By Allison Peters, September 2018
Fall in Cadillac can be the most idyllic time of year for scenic walks along the lakeshore with autumn foliage in Technicolor, self-guided color tours through local roads with great views of the changing leaves on the trees, and even color tours of the Cadillac countryside via antique trains that played prominent roles in Michigan’s history. There’s something about a vintage locomotive in autumn, picking up passengers as colorful leaves fall across the railroad tracks.
The fall color tourtrain ride through Cadillac’s countryside is made possible through a partnership between the Steam Railroading Institute and the Cadillac Area Visitors Bureau. The Steam Railroading Institute teaches new generations about the technologies of the steam era through “the best possible exhibit—a living, breathing piece of history that comes to life in front of your very eyes!” Anyone can become a member of the organization, which accepts donations to the help keep Pere Marquette 1225 “steaming down the tracks.”
Exploring autumn in Cadillac on a train ride through the countryside offers passengers one of the most unique, immersive, fall-feeling experiences in Northern Michigan. During last fall’s Cadillac Countryside Tour weekend, it happened to be a rainy day, which only made the experience more dreamy and serene, with the gold, red, and orange landscape of leaves outside your train car window shimmering through the raindrops on the glass. The setting looked like an oil painting, the colors blending together, shining with the wet of the rain.
With the tour occurring right at the peak of fall color season in Cadillac, the sights are spectacular, and being on a train gives passengers the opportunity to sit back, relax, and appreciate the scenery. It’s a whole new view of the Greater Cadillac Area, as the tracks stretch from the passenger pick-up location in Downtown Cadillac to the local farm fields of rural McBain. There’s a feeling you get stepping on an old train and hearing those whistles echo in the distance—a sense of nostalgia, maybe even a feeling of déjà vu—that makes the experience so intriguing.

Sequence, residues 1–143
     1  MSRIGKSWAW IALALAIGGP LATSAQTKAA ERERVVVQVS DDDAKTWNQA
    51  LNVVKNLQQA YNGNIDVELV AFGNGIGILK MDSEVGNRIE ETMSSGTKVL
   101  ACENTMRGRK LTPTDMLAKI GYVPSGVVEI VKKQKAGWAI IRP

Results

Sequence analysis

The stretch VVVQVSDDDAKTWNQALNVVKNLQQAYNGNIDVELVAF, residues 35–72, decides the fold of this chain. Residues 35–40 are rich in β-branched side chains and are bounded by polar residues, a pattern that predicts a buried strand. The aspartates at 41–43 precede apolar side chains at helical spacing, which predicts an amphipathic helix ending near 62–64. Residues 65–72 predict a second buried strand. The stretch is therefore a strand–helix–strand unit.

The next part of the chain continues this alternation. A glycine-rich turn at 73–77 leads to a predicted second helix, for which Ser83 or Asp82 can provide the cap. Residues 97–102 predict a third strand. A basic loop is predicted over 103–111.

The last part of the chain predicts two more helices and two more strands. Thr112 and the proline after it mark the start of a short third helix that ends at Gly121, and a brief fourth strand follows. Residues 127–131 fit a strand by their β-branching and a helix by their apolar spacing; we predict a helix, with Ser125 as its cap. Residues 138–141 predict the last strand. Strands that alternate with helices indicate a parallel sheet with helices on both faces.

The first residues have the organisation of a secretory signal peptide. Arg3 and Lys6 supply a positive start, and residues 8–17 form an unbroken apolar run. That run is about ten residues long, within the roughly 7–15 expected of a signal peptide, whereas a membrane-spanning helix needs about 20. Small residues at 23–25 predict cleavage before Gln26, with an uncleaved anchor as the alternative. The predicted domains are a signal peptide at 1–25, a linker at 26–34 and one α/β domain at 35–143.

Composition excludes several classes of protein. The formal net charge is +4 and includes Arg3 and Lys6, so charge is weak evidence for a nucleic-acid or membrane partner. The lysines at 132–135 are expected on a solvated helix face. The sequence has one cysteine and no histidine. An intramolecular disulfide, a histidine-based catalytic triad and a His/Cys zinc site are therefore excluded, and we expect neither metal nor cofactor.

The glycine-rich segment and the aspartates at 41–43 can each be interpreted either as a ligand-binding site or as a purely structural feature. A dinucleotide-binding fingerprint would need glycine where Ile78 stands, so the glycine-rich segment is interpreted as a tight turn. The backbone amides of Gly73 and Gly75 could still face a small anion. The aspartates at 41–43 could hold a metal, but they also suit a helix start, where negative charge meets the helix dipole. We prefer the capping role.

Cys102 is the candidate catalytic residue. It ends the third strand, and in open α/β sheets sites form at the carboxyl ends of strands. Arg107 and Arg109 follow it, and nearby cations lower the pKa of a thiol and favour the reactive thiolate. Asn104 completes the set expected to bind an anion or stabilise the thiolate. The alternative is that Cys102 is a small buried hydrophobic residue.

Immensely popular and culturally transformative in the 1800s during the Industrial Revolution, train travel was an integral part of community development and Michigan’s overall growth, as investments in building railroads resulted in connecting towns and cities more efficiently than ever before. This led to the logging industry expanding, population increasing, and opportunities for public community and trade soaring. The story behind Cadillac’s origin (which began its history as Clam Lake) hinges on the railroad and logging industries, as the city was built upon the progressive vision and entrepreneurial spirit of its founders and community leaders back when trains were gaining steam in Northern Michigan.
A 1954 train car lined with sets of comfy red seats along the sides of the interior in pairs, with several seats facing each other to make conversations on the train throughout the duration of the scenic ride most enjoyable. From the City Park at Cadillac Commons—adjacent to the Shay Locomotive, an unusually small yet awesomely powerful lumber train invented in 1879 and patented in 1881 by Cadillac area logger Ephraim Shay—the train departed smoothly at two o’clock in the afternoon. It started by slowly chugging down the tracks, then quickly picked up the pace until we were gliding comfortably through the countryside to McBain, drops of rain dancing down the windows of the antique locomotive.
Since Cadillac Countryside Tour takes place just a couple weeks before Halloween, the train cars are outfitted with seasonal decorations, from autumnal leaves to little orange lights. Knowledgeable, helpful volunteers from the Steam Railroading Institute wear vintage uniforms, adding to the feeling of nostalgia and stepping back in time. Tickets are twenty dollars per coach seat or forty per seat on the caboose. From maps to magnets and puzzles to toys, there are souvenirs in the gift shop as well as concessions on board. Nearly 400 people rode aboard those vintage train cars last fall, sparking a sense of awe and wonder at the beauty of this region in autumn as well as a newfound appreciation for the Cadillac area.
Cadillac to McBain on a train in the rain—it’s the epitome of autumnal experiences and a fun way to spend an afternoon with friends, family, or coworkers, rain or shine. Touring Northern Michigan’s colorful countryside landscapes by way of vintage locomotive presents such a memorable opportunity to see Cadillac in an entirely new way, from a fresh perspective that gives you permission to slow down, look out the window, and take a moment to appreciate all the natural beauty and constant change surrounding us.
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